Because the Department did not find industry-specific data to calculate selling, general and administrative (SG&A) expenses, factory overhead, and profit, we used the “Finance of Large Public Limited Companies, 2000-01,” a sample of 964 large public limited companies in India that were reported in the April 2002 Reserve Bank of India Bulletin, as previously used in the Non-Malleable Final.

For a complete analysis of surrogate values used in the preliminary determination, see the Factor Valuation Memorandum.

Verification

As provided in section 782(i)(1) of the Act, we intend to verify all company information relied upon in making our final determination.

Rate for Cooperative Producers/Exporters That Were Not Selected

For those PRC producers/exporters who responded to our separate rates questionnaire but were not selected as mandatory respondents (i.e., Chengde and SCE), we have calculated a weighted-average margin based on the rates calculated for those producers/exporters that were selected as mandatory respondents. See, e.g., Notice of Final Determination of Sales at Less Than Fair Value: Freshwater Crawfish Tail Meat From the People's Republic of China, 62 FR 41347, 41350 (August 1, 1997).

Suspension of Liquidation

In accordance with section 733(d)(2)(A) of the Act, we are directing the BCBP to suspend liquidation of all imports of subject merchandise entered, or withdrawn from warehouse, for consumption as follows: for Pannext, SLK, Myland or Chengde, we will instruct BCBP to suspend liquidation on or after the date of publication of this notice in the Federal Register; for JMC, SCE and companies subject to the PRC-wide rate, we will instruct BCBP to suspend liquidation on or after the date which is 90 days prior to the date of publication of this notice in the Federal Register, due to the Preliminary Determination of Critical Circumstances. See Notice of Preliminary Determination of Critical Circumstances: Certain Malleable Iron Pipe Fittings from the People's Republic of China, 68 FR 19779 (April 22, 2003). We will instruct the BCBP to require a cash deposit or the posting of a bond equal to the weighted-average amount by which the NV exceeds the EP or CEP, as indicated below. These suspension-of-liquidation instructions will remain in effect until further notice.

We determine that the following percentage weighted-average margins exist for the POI:

Manufacturer/exporterWeighted-average margin (percent) --
Jinan Meide Casting Co., Ltd13.80
Beijing Sai Lin Ke Hardware Co., Ltd144.43
Langfang Pannext Pipe Fitting Co., Ltd4.96
Chengde Malleable Iron General Factory52.50
SCE Co., Ltd52.50
PRC-Wide Rate146.41

The PRC-wide rate applies to all entries of the subject merchandise except for entries from JMC, SLK, Pannext, Chengde, and SCE.

International Trade Commission Notification

In accordance with section 733(f) of the Act, we have notified the ITC of our determination of sales at LTFV. If our final determination is affirmative, the ITC will determine before the later of 120 days after the date of this preliminary determination or 45 days after our final determination whether the domestic industry in the United States is materially injured, or Start Printed Page 33920threatened with material injury, by reason of imports, or sales (or the likelihood of sales) for importation, of the subject merchandise.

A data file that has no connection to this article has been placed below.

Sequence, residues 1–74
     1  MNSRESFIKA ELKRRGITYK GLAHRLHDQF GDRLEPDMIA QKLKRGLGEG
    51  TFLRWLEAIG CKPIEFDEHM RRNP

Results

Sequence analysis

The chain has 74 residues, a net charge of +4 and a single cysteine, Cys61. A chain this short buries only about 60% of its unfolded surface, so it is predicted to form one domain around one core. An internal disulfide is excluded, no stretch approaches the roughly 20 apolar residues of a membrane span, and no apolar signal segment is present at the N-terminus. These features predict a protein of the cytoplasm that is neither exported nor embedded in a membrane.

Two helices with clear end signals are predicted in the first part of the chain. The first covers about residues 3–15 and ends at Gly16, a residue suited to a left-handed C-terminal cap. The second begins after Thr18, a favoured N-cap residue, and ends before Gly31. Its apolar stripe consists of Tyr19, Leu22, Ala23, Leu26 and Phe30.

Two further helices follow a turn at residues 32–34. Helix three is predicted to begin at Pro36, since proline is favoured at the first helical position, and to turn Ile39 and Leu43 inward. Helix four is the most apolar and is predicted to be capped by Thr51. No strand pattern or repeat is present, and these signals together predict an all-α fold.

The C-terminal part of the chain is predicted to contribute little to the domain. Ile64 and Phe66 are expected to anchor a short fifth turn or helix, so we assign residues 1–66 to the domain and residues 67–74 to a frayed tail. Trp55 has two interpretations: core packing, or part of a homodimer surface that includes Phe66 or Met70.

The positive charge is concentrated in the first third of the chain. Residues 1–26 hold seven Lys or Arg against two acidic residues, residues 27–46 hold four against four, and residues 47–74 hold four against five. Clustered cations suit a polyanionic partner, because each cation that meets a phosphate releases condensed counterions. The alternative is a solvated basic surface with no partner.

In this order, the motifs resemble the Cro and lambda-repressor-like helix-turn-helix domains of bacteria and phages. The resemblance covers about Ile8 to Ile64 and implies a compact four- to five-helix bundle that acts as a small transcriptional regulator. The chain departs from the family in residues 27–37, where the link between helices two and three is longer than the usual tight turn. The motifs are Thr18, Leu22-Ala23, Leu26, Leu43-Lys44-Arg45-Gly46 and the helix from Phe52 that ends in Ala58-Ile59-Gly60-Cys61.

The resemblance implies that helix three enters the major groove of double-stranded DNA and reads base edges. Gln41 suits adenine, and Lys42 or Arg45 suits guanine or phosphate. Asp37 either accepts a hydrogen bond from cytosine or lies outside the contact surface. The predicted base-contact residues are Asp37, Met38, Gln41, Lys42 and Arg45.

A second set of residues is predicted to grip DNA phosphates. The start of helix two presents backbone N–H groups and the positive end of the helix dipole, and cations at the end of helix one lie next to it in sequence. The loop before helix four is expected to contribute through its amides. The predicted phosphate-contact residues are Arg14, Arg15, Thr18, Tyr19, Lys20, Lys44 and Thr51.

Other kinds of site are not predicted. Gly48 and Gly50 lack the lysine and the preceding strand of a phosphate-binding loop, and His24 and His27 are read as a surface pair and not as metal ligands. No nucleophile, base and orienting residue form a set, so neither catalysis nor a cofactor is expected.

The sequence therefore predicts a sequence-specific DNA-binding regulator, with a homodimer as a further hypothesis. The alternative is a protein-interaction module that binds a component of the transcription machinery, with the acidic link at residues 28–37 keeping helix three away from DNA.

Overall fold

Public Comment

Case briefs or other written comments may be submitted to the Assistant Secretary for Import Administration no later than ten days after the date of issuance of the verification reports, and rebuttal briefs, limited to issues raised in case briefs, no later than five days after the time limit for filing the case brief. See 19 C.F.R. 351.309(c)(1)(i); 19 C.F.R. 351.309(d)(1). A list of authorities used and an executive summary of issues should accompany any briefs submitted to the Department. This summary should be limited to five pages total, including footnotes. In accordance with section 774 of the Act, we will hold a public hearing, if requested, to afford interested parties an opportunity to comment on arguments raised in case or rebuttal briefs. Tentatively, any hearing will be held two days after the receipt of the rebuttal briefs at the U.S. Department of Commerce, 14th Street and Constitution Avenue, N.W., Washington, D.C. 20230, at a time and location to be determined. See 19 C.F.R. 351.310(d)(1). Parties should confirm by telephone the date, time, and location of the hearing two days before the scheduled date.

Interested parties who wish to request a hearing, or to participate if one is requested, must submit a written request to the Assistant Secretary for Import Administration, U.S. Department of Commerce, Room 1870, within 30 days of the date of publication of this notice. See 19 C.F.R. 351.310(c). Requests should contain: (1) the party's name, address, and telephone number; (2) the number of participants; and (3) a list of the issues to be discussed. At the hearing, each party may make an affirmative presentation only on issues raised in that party's case brief, and may make rebuttal presentations only on arguments included in that party's rebuttal brief. See 19 C.F.R. 351.310(c).

The Department will make its final determination no later than 135 days after the date of publication of this preliminary determination.

This determination is issued and published in accordance with sections 733(f) and 777(i)(1) of the Act.

Start Signature

Dated: May 28, 2003.

Joseph A. Spetrini,

Acting Assistant Secretary for Import Administration.

End Signature End Supplemental Information

Footnotes

1.  As noted above, Myland is not eligible for a separate rate because the Department has rejected its Section A response in accordance with 19 C.F.R. 351.302(d)

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2.  As previously stated, for the preliminary determination we have found that Myland did not respond to the Department's questionnaire in a timely manner.

Back to Citation

[FR Doc. 03-14343 Filed 6-5-03; 8:45 am]

BILLING CODE 3510-DS-S